56 people left on site as Myra Falls mine lays off nearly 100 workers – Vancouver Island

Vancouver Island's Myra Falls mine lays off nearly 100 workers - Myra Falls Mine Photo

Staffing at the Myra Falls zinc and copper mine near Campbell River has been reduced to a skeletal level, with 88 workers laid off this week after the owner postponed capital projects at the site.

Citing continued low commodity prices, Switzerland-based Nyrstar said Thursday (October 22) it has postponed funding of mine upgrades, which means the mine remains idle. Operations at Myra Falls were suspended in April. A Nyrstar spokesperson said there are now only 56 people left on site. When the mine is in full operation, it employs 356.

“They will ensure all necessary environmental, health and safety measures are followed,” Nyrstar communications co-ordinator Franziska Morroni said in an email. The work includes ensuring tailings-dam stability, as well as the safety and integrity of future mining and milling operations.

In a statement, Nyrstar vice-president of North American operations Kelly Strong said the economics have changed since the company suspended operations in the spring. “Postponing funding has become necessary due to the challenging marketplace. Commodity prices dictate the company cannot progress steps toward implementation of our roadmap for renewal at this time, so the pace of investment will take longer than anticipated.”

While there is no indication how long it may take, Strong said the company remains positive that zinc will be an essential commodity over the medium to long term. “We intend to do whatever is necessary to fully optimize the potential of the mine,” he said.

The union representing 280 workers at the mine, Unifor Local 3019, has in the past raised the spectre of the mine never reopening after suspension of operations.

Campbell River Mayor Andy Adams said he’s not sure what it would take to maintain the site as a going concern. “The one thing we can’t control is the world market, that’s the driving force behind this,” he said. “Prices are what they are, and when a company can’t be profitable, then they have to do what’s in their best interest and we certainly respect that.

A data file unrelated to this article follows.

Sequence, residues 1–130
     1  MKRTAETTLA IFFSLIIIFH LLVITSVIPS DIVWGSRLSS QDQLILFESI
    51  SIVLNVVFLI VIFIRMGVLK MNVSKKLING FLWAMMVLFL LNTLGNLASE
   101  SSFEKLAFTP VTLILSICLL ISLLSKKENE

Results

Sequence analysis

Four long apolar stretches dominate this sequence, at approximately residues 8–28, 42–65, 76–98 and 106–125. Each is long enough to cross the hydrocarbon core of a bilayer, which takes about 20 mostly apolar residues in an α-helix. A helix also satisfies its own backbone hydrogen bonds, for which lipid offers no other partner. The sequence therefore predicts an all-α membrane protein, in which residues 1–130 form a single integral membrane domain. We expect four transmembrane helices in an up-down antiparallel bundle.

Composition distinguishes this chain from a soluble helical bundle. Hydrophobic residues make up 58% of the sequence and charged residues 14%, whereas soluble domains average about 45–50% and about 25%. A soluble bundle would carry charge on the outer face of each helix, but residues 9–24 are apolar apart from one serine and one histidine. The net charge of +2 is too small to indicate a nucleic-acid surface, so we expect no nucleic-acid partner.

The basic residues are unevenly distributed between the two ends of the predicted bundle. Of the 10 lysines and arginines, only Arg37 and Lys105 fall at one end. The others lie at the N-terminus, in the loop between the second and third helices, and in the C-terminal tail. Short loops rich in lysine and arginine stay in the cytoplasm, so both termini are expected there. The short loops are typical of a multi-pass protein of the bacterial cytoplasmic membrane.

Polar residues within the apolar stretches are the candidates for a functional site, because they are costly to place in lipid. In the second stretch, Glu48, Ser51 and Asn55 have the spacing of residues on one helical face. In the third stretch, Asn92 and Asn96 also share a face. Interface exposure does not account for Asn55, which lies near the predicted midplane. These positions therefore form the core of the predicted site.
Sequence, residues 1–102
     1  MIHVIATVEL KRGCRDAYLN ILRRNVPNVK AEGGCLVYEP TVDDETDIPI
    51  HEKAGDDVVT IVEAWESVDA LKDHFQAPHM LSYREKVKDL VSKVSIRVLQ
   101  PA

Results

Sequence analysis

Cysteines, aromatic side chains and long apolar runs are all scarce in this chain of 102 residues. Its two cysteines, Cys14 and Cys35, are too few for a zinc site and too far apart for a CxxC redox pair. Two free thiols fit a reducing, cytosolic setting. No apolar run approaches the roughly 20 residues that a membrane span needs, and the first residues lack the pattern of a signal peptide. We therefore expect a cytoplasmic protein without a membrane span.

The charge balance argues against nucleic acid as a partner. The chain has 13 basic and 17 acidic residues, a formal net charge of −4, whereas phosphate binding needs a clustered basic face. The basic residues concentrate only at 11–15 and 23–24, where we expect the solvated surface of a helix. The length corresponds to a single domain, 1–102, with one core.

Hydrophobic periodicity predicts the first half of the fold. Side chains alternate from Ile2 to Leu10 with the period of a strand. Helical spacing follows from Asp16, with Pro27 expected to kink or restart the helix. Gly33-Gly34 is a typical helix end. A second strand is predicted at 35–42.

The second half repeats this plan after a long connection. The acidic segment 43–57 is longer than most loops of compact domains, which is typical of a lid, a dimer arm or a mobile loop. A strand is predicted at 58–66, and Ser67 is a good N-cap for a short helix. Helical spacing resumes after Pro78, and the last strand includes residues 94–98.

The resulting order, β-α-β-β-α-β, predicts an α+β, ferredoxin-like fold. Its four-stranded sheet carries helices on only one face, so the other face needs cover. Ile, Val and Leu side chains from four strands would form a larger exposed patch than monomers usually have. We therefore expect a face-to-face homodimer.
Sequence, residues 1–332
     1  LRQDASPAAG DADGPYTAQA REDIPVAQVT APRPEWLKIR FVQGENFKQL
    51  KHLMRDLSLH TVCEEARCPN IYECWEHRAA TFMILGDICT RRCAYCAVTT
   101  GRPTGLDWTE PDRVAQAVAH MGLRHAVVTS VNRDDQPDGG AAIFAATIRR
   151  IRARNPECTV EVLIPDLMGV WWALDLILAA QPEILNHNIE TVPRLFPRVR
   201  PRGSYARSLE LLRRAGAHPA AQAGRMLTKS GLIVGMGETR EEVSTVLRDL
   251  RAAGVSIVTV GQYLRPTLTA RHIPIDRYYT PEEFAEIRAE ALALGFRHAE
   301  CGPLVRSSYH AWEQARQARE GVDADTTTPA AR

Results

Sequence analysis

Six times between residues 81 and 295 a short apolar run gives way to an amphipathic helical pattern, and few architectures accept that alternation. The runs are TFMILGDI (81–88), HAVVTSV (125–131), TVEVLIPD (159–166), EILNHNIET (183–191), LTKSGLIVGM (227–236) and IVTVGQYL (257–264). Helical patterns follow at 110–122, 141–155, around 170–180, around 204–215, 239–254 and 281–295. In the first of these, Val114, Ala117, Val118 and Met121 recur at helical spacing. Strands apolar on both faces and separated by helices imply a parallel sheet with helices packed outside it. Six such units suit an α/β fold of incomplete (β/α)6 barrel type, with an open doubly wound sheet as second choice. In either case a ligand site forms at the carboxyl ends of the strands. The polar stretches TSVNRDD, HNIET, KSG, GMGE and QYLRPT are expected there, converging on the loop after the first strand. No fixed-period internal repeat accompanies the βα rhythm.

“If we can help facilitate an environment that is successful for all parties, then we will continue to chat with the province and federal folks.”

Adams said the city is working with a variety of organizations to help workers who are out of a job. “We feel for the employees and their families who will be directly impacted and we will continue to work with the management staff at Myra Falls to work on the transition of employees as best we can,” he said.

Adams maintains Campbell River is resilient. The town has dealt with the ups and downs of Myra Falls and the roller-coaster ride that was the forest industry over the last two decades. The sawmill and pulp mill at Elk Falls closed in 2008 and 2010, respectively.

“While there is an impact, I think the community is sensitive and aware of some of the challenges in the mining sector. We have been through this before and we know how to respond and react and take care of the people in our community,” the mayor said.

When the mine is operating, about 500,000 tonnes of polymetallic ore, consisting of zinc, copper, lead, gold and silver, are produced annually. Ore is concentrated in an on-site mill and shipped from Campbell River to smelters elsewhere.

By Andrew Duffy – Times Colonist